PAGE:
Danish art collective Superflex’s works recurrently include persuasive elements of the participatory.
One Two Three Swing!, the new site-specific Hyundai Commission at Tate Modern, is a splice from their laboratory that proves typically and artfully characteristic of this theme.
An exoskeleton of orange pipes supporting a network of swings (each designed for three people for optimum movement) snakes its way across the Turbine Hall. It bleeds through the walls beyond to Tate Modern’s exterior, linking the notion of collaboratively generated collective energy to public outdoor environs.
Evoking outdoor space even within the confines of the Turbine Hall, and acting as an installation that invites interaction in order to breathe life into its self-organisational theme, the playfulness and functionality of the swings structure serve to highlight the mobilising potentialities of positive effort when harnessed to the communal consciousness.
To conjure consolidation with the playground-like swing element, a counter-balance of the work is poeticised in the form of its supersized, mirrored swinging pendulum, suspended high in mid-air. In notion if not in execution, the pendulum has echoes of Escher’s Self-Portrait in Spherical Mirror, its reflective surface containing the entirety of the very world it oscillates above. The movement of the pendulum invites the viewer to surrender to its hypnotic effect and lie beneath it on a carpet woven with the colours of British banknotes to reflect – as they see themselves reflected by the mirror-like structure in turn – on the unceasing, multitudinous forces of gravity, economy, perpetuity and scale.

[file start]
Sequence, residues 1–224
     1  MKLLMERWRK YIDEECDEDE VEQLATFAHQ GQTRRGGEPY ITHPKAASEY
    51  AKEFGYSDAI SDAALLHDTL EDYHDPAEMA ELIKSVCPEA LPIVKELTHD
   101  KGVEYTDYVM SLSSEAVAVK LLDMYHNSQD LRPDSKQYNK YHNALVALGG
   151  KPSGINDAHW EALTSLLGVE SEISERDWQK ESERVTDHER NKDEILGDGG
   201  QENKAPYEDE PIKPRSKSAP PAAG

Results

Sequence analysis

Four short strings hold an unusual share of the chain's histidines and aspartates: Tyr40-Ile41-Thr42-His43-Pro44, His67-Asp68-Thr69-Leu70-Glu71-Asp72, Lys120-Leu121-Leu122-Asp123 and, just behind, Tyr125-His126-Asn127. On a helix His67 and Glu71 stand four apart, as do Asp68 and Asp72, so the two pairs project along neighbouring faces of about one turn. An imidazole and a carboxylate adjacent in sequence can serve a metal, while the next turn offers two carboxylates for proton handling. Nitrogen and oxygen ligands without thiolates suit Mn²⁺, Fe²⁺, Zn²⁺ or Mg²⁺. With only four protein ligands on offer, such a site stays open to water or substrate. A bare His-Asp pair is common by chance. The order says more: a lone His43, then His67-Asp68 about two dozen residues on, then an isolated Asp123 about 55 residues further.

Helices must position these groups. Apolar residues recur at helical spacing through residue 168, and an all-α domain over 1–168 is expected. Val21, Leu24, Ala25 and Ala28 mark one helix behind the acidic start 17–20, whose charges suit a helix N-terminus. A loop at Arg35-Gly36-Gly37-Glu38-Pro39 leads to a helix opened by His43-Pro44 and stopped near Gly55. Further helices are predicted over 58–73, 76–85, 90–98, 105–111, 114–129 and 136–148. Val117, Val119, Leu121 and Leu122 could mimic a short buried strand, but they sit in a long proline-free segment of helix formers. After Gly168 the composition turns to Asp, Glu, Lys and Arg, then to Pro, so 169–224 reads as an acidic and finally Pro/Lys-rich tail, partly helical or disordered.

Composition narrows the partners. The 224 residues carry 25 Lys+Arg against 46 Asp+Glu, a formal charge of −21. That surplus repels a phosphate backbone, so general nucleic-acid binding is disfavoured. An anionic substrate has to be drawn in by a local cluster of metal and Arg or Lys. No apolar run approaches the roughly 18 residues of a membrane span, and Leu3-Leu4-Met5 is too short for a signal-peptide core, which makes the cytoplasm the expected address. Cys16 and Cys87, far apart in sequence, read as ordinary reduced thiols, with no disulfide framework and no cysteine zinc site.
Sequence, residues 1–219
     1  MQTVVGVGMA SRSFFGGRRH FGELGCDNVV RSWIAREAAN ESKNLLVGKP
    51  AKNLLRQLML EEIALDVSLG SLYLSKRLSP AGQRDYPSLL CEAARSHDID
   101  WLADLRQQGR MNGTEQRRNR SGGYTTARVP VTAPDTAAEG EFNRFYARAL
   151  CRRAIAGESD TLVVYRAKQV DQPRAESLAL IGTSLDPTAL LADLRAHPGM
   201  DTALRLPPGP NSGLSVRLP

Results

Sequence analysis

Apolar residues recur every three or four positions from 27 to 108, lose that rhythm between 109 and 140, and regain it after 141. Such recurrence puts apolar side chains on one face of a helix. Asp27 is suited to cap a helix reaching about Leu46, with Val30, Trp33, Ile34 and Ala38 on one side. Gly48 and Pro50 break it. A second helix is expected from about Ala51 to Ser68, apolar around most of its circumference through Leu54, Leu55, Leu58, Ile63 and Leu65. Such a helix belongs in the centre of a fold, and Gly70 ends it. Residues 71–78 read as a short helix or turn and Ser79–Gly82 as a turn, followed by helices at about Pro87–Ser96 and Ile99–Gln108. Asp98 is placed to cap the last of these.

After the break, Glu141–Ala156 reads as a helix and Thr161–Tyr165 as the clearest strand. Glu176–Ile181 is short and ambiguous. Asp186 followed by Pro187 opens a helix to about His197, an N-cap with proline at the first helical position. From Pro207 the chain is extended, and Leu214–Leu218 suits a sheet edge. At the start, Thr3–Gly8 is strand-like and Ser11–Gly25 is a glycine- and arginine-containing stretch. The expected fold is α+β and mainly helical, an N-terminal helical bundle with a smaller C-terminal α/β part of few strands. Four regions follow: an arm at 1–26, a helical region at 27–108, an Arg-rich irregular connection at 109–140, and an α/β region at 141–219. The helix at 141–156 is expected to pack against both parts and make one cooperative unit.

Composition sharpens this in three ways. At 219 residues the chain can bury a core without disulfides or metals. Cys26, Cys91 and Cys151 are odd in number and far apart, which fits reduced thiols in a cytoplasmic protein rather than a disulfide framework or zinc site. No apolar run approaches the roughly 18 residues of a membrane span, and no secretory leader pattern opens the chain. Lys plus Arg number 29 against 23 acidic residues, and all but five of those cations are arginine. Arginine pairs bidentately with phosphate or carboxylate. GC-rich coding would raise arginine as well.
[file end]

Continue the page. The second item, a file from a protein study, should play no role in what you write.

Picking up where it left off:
Offset by the shifting hues of the carpet, the pendulum area of One Two Three Swing! creates a surrealistic visual verging on the dreamlike, its ambience suffused with contemplation.
One Two Three Swing! draws from the rich broth of Superflex’s ongoing narrative – one that interweaves an enhanced visibility of economic structures, the propagation of experimental self-organising societal structures, and the exploration and mobilisation of modes of alternative energy production – creating a site-specific work that thinks outside of the box.
Crystal Bennett was a ship yard worker in northern Italy, a royal butler in Casablanca and a movie star in the Republic of Georgia before joining the Trebuchet team as art editor. “Truth is stranger than fiction.” – Mark Twain